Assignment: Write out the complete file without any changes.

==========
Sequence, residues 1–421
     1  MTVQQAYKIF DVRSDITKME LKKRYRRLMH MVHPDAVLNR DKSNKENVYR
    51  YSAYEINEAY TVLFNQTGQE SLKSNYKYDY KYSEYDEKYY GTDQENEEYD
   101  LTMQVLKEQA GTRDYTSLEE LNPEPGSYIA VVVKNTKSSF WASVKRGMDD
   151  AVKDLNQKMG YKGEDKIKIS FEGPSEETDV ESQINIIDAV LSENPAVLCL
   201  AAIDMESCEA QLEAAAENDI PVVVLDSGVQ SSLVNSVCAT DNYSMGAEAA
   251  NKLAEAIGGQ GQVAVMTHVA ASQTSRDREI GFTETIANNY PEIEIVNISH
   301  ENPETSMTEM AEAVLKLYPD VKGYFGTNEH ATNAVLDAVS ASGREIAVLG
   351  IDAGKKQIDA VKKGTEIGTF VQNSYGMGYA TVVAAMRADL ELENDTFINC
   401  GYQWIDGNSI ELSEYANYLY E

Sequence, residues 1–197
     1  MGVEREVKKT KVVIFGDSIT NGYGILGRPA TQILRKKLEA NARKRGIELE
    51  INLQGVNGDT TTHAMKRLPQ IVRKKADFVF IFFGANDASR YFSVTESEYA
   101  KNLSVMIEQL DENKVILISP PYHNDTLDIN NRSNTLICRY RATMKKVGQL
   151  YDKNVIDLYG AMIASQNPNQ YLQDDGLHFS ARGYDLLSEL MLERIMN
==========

Sequence, residues 1–421
     1  MTVQQAYKIF DVRSDITKME LKKRYRRLMH MVHPDAVLNR DKSNKENVYR
    51  YSAYEINEAY TVLFNQTGQE SLKSNYKYDY KYSEYDEKYY GTDQENEEYD
   101  LTMQVLKEQA GTRDYTSLEE LNPEPGSYIA VVVKNTKSSF WASVKRGMDD
   151  AVKDLNQKMG YKGEDKIKIS FEGPSEETDV ESQINIIDAV LSENPAVLCL
   201  AAIDMESCEA QLEAAAENDI PVVVLDSGVQ SSLVNSVCAT DNYSMGAEAA
   251  NKLAEAIGGQ GQVAVMTHVA ASQTSRDREI GFTETIANNY PEIEIVNISH
   301  ENPETSMTEM AEAVLKLYPD VKGYFGTNEH ATNAVLDAVS ASGREIAVLG
   351  IDAGKKQIDA VKKGTEIGTF VQNSYGMGYA TVVAAMRADL ELENDTFINC
   401  GYQWIDGNSI ELSEYANYLY E

Sequence, residues 1–197
     1  MGVEREVKKT KVVIFGDSIT NGYGILGRPA TQILRKKLEA NARKRGIELE
    51  INLQGVNGDT TTHAMKRLPQ IVRKKADFVF IFFGANDASR YFSVTESEYA
   101  KNLSVMIEQL DENKVILISP PYHNDTLDIN NRSNTLICRY RATMKKVGQL
   151  YDKNVIDLYG AMIASQNPNQ YLQDDGLHFS ARGYDLLSEL MLERIMN